Yesterday we showed you the essays and reviews that drew the most readers to our site in 2017. But there are other metrics–less literal but no less meaningful–by which we assess work. Thoughtful writing about books, reading, and the writing life is often a casualty in the digital economy, and it has suffered particularly in the gruesome news onslaught of 2017. Below, in no particular order, is a list of some (not all!) of the pieces I loved at the site this year. Think of this is as a great big “In Case You Missed It (ICYMI)” list for 2017.
1. What Gets Lost in Translation Gets Transformed: A methodical and incredibly illuminating study of English-Chinese/Chinese-English translation by Jianan Qian.
2. Returning to My People: A poignant essay by Zak Salih on being invited to join his Sudanese father’s book club, and the book he chose for the group to read.
3. In Defense of the Third Person: Meticulous reader and polite partisan Adam O’Fallon Price laments the shift to first person in contemporary fiction.
4. Footprints in the Snow: Na Zhong’s haunting, evocative essay on memory and digital life.
5. The Right Book at the Right Time: The inimitable Rosa Lyster describes falling in love.
6. An Ode to Reading on Public Transit: You can do some of your best reading and thinking on the bus; Kaila Philo reminds us of the inherent possibilities of a transit commute.
7. What’s a Library to Do?: Ryan Krull reports on the particular challenges facing a library that serves a large homeless population.
8. Austerity and the British Library: Speaking of libraries, Corinne Purtill offers a lovely sketch of a London library and its role in the age of austerity.
9. Who is Greek?: An informative personal essay on Greekness, queerness, and diaspora by Niko Maragos.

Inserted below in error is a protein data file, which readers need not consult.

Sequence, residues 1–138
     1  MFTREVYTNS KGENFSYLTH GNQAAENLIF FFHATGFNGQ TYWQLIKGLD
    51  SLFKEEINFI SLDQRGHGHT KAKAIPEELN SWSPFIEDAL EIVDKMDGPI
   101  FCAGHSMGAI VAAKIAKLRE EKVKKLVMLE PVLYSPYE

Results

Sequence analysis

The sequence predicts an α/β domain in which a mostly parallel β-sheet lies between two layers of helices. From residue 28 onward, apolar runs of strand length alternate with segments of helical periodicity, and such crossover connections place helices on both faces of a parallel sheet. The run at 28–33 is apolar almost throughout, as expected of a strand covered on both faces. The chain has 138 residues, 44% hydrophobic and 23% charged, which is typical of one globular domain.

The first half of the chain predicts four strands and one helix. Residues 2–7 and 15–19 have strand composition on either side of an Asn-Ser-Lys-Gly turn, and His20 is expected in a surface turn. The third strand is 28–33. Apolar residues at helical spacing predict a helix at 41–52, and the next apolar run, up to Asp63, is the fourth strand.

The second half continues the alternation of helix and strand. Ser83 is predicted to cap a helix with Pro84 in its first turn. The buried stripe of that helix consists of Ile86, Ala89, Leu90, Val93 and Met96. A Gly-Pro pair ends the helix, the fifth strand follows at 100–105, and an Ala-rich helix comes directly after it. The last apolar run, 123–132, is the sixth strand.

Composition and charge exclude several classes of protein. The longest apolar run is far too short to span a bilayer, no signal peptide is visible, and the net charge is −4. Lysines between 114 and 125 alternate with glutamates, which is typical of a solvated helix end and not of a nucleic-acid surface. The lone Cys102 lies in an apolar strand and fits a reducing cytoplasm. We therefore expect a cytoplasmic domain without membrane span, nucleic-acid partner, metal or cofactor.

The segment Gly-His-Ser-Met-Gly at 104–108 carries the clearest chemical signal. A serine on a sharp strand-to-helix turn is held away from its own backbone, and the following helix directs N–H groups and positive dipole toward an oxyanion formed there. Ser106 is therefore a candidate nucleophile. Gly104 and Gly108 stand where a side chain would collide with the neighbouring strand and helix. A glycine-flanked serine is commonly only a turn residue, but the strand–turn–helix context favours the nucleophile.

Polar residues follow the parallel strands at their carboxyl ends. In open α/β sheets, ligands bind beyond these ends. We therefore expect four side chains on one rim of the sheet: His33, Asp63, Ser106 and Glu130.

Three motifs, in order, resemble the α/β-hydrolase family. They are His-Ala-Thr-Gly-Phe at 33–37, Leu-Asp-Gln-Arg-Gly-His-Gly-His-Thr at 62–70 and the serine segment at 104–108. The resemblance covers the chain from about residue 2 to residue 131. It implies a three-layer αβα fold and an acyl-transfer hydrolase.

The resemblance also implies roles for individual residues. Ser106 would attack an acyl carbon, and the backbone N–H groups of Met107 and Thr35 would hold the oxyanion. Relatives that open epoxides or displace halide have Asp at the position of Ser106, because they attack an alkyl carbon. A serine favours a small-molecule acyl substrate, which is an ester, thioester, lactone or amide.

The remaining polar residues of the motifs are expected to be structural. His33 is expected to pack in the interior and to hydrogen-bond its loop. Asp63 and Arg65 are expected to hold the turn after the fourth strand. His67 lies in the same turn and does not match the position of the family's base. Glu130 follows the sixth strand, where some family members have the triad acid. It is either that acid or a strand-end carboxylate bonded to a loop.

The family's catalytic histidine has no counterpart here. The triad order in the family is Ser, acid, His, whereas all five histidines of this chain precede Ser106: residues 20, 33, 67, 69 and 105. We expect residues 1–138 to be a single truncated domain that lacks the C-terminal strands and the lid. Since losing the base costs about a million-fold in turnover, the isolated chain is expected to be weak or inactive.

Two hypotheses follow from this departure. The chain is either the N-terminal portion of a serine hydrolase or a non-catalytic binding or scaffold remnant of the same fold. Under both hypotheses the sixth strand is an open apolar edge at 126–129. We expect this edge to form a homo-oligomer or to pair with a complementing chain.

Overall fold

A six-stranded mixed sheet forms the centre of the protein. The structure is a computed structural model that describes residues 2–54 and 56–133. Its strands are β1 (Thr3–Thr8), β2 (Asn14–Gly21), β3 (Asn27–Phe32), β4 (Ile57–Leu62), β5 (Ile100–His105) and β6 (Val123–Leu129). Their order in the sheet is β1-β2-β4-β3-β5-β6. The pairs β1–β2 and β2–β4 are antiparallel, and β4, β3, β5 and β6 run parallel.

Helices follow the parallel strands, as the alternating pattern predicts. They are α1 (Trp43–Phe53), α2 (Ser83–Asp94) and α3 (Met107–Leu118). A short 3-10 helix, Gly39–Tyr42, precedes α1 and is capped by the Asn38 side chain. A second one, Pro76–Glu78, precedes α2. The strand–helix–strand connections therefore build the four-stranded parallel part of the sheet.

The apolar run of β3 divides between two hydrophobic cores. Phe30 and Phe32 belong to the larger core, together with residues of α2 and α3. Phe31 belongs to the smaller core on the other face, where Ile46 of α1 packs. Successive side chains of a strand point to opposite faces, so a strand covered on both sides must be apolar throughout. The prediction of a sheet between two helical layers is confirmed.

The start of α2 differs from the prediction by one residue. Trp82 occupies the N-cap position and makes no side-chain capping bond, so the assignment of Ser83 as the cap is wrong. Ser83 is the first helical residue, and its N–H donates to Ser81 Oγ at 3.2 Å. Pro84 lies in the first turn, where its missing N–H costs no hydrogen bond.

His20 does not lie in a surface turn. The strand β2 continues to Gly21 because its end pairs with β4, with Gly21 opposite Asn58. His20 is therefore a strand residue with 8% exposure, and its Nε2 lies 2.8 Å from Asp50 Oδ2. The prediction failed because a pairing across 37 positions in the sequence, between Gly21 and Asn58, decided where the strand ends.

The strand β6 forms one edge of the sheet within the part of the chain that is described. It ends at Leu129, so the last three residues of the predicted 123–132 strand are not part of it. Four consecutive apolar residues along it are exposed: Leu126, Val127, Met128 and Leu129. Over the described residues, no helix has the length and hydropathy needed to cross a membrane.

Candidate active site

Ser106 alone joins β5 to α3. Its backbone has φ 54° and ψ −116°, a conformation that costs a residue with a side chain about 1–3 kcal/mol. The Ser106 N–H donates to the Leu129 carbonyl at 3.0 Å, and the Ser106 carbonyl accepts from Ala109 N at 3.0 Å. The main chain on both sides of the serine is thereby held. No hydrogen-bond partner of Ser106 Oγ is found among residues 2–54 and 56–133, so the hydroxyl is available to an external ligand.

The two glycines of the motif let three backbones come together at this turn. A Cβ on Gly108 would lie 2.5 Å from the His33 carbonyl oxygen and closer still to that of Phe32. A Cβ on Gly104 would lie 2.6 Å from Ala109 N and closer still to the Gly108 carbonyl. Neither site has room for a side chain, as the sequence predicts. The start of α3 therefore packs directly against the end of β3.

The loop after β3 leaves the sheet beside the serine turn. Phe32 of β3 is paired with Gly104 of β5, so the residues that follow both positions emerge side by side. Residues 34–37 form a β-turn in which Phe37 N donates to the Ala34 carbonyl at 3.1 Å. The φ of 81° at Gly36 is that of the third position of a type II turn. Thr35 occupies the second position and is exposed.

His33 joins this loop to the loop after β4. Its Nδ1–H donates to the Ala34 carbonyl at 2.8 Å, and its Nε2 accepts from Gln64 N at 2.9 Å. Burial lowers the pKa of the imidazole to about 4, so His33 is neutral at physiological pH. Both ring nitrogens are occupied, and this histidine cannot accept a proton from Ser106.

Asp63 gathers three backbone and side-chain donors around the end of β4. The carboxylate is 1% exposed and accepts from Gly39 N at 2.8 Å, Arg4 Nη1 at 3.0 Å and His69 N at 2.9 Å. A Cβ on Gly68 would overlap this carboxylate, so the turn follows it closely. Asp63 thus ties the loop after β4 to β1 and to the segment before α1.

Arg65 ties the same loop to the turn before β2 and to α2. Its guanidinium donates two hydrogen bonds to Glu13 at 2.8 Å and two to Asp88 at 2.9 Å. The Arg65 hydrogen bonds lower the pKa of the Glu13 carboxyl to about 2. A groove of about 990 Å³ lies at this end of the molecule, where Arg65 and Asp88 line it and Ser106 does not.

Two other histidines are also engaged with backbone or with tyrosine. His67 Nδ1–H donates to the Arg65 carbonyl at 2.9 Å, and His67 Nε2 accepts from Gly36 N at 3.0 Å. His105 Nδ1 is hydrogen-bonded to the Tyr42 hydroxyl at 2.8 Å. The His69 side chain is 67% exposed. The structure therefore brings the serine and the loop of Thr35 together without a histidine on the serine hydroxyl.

11. The Proust Book Club: Staffer Hannah Gersen’s Proust diary is one of my favorite series at the site, and it came to an end this year.
12. I Don’t Love You, Toronto: Sometimes we don’t particularly like the places we live; Manjushree Thapa writes about the books that made her feel more fondly toward her adopted city.
13. Requiem for a Reader: Sometimes the only way we can really communicate with someone is through a shared love of books. Sarah Cords writes about the books in her late father’s library.
14. Travesty and American Usage: “When Trump says, ‘Obama founded ISIS,’ it is not meant to be verifiably true. It is meant to be rhetorically uncompromising, to valiantly prove its own point about what can be said.” The obscenely nimble thinker M.C. Mah on the rhetoric of the new administration.
15. The Damascus Journals: A gorgeous description of pre-war Damascus, a memory of happier times, by Roua Horanieh.
16. Better Late than Never: Contributing Editor Sonya Chung writes about the books she came to as a later-in-life reader.
17. For the Love of the Books: Another piece on formative reading years, this by Habibe Jafarian on her secret raids of her brother’s library.
18. The Grueling, Painful, Beautiful Fiction of László Krasznahorkai: Staffer Il’ja Rákoš pens a vivid encomium to the Hungarian author.
19. The Man behind the Mask: An investigation of Nabokov’s simultaneously obfuscating and revealing forwards by Chris Townsend.
21. On Setting and Craft: An essay about place-love and figuring out how to write the story you want to write by Laurie Ann Doyle.